Pictures of Bridport
This is a pretty resort and market town forming part of the gateway to the World Heritage Jurassic Coast.
Bridport can be classed as having everything to please the holiday maker, it has a strong nautical atmosphere born of its long association with the sea, and its history as a flourishing rope making town during the great age of sailing ships. Rope making can be traced back to the Middle Ages, when King John requested the townsfolk to work "night and day to make as many cables as you can", this industry formed the back-bone of the economy with the prosperity of the town continuing into 18th and 19th century.
The town is also renowned for its net making industry which has existed for over 700 years. Nets from Bridport are used all over the world, the range of users is as diverse as fishing fleets of all countries, America's Space Shuttle, Wimbledon Lawn Tennis Club and international airlines.
In Bridport the eye is immediately drawn to its wonderful old buildings, quintessential thatched cottages stand behind lush hedges. Mostly the character of the town lies in its distinctly Georgian buildings, especially the handsome town hall with its graceful columns and pediment. The medieval parish church with its lovely chantry is a "must see" so too is the Tudor museum. You should also try to visit the Arts Centre.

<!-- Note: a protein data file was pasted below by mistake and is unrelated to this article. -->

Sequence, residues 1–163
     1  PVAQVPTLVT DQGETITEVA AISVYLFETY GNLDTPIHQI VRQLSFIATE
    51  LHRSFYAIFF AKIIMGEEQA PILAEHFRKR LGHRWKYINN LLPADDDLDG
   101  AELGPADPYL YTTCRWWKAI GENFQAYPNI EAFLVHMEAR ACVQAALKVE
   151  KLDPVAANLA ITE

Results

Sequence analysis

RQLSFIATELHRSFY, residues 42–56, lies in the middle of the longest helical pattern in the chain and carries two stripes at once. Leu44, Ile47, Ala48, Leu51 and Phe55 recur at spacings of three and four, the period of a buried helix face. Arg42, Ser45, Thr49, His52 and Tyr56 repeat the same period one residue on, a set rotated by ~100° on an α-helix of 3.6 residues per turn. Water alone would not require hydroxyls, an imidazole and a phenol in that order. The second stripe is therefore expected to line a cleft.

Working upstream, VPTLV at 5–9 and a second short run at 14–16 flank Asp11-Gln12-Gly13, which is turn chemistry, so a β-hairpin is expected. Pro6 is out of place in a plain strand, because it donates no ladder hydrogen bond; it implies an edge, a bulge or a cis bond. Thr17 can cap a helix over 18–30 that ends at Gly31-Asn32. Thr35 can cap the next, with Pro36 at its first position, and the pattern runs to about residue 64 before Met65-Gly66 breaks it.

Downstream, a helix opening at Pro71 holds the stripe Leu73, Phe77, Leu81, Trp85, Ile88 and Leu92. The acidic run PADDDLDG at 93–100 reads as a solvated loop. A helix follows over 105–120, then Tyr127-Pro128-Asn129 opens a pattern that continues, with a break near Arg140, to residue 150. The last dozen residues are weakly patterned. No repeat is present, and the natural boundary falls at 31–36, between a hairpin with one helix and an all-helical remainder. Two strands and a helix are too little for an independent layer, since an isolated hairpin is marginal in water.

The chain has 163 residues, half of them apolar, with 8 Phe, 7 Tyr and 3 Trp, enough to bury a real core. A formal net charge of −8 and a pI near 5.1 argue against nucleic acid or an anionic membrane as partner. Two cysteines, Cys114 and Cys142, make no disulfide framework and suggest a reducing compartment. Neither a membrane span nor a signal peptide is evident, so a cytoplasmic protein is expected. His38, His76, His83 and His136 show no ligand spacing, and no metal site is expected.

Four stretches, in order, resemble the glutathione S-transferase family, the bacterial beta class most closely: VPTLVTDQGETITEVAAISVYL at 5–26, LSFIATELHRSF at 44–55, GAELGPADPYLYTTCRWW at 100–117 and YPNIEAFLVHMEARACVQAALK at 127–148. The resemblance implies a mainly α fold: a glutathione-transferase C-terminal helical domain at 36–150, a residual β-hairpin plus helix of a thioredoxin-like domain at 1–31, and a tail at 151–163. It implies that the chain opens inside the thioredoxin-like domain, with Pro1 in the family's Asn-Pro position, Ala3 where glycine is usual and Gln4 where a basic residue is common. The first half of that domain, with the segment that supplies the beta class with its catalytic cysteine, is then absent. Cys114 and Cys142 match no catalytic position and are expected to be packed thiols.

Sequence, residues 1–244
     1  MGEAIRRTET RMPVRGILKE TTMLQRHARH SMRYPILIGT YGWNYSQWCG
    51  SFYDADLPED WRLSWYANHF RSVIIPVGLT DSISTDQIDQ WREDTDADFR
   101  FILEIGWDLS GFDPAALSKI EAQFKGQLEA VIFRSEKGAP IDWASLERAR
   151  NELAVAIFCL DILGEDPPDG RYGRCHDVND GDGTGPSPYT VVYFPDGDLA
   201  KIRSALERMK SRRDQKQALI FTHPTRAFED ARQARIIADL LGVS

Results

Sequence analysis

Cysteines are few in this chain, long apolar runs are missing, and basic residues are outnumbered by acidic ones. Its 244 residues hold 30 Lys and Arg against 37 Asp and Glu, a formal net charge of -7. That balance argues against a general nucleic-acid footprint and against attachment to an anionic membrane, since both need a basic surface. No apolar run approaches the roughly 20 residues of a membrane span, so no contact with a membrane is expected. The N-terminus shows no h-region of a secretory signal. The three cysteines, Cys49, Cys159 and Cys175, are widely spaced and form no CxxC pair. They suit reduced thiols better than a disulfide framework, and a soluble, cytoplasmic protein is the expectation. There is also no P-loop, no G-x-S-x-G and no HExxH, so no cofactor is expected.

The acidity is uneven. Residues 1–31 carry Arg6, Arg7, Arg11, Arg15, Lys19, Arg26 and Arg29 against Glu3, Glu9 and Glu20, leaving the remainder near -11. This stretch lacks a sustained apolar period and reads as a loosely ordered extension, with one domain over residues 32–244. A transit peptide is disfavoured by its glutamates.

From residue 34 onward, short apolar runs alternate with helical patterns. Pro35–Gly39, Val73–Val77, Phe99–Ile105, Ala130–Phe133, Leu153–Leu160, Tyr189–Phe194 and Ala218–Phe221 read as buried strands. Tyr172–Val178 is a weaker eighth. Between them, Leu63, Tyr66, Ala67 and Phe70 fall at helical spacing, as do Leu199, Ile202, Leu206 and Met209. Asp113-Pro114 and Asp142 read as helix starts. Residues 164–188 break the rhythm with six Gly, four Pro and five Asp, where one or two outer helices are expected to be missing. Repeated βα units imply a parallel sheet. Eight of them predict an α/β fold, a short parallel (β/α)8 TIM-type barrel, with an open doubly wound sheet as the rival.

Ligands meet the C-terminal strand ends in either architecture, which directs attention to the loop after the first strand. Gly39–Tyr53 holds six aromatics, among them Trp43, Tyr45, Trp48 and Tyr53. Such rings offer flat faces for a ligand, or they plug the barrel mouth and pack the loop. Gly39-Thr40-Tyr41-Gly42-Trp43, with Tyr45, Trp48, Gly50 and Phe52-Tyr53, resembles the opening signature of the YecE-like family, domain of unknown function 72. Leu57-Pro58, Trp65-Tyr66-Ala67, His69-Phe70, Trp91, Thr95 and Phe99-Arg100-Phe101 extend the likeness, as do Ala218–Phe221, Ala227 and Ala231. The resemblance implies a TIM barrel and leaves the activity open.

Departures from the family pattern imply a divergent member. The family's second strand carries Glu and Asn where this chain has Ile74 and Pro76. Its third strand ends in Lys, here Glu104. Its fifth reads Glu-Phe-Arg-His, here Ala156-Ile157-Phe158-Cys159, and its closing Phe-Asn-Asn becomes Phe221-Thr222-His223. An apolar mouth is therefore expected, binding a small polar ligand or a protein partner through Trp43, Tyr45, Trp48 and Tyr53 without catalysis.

The centre of the town has plenty of attractive shops, antique shops and galleries rub shoulders with modern chain stores and supermarkets. A feature of Bridport is its lively open-air market held on Wednesday and Saturday. Another feature is the band entertainment held in the colourful High Street, there really is something about browsing whilst listening to the stirring strains of a brass band! It also has sufficient restaurants, cafe's and pubs to satisfy the most discerning visitor.
On the southern edge of the town beside the river, lies one of the town's most important buildings, the picturesque thatched brewery - Palmers of Bridport. This is the only thatched brewery in England, noted for its excellent brewing skills, beautiful spread of buildings, and its splendid Victorian copper equipment proudly kept in superb condition. The brewery once relied heavily on its waterside position for both transportation of its beer and for power. The river is no longer navigable, beer is transported by road, but plans are in place to restore the ancient water wheel back to its former glory.
Close to Bridport is West Bay and Eype. The soft sandstone cliffs west of Eype are of a rugged appearance which is constantly being changed by the gales sweeping in from Lyme Bay.
This is a glorious area to explore, you get the very best of several worlds all entwined to ensure tourists take away happy memories of a vibrant market town, magical coastline, picturesque river banks and mile after mile of lovely pastoral countryside.
Interesting & Historical Facts about Bridport
In 1651 after losing the battle of Worcester, Charles II stayed in Bridport before fleeing to France.Bridport facts
| Dorset facts
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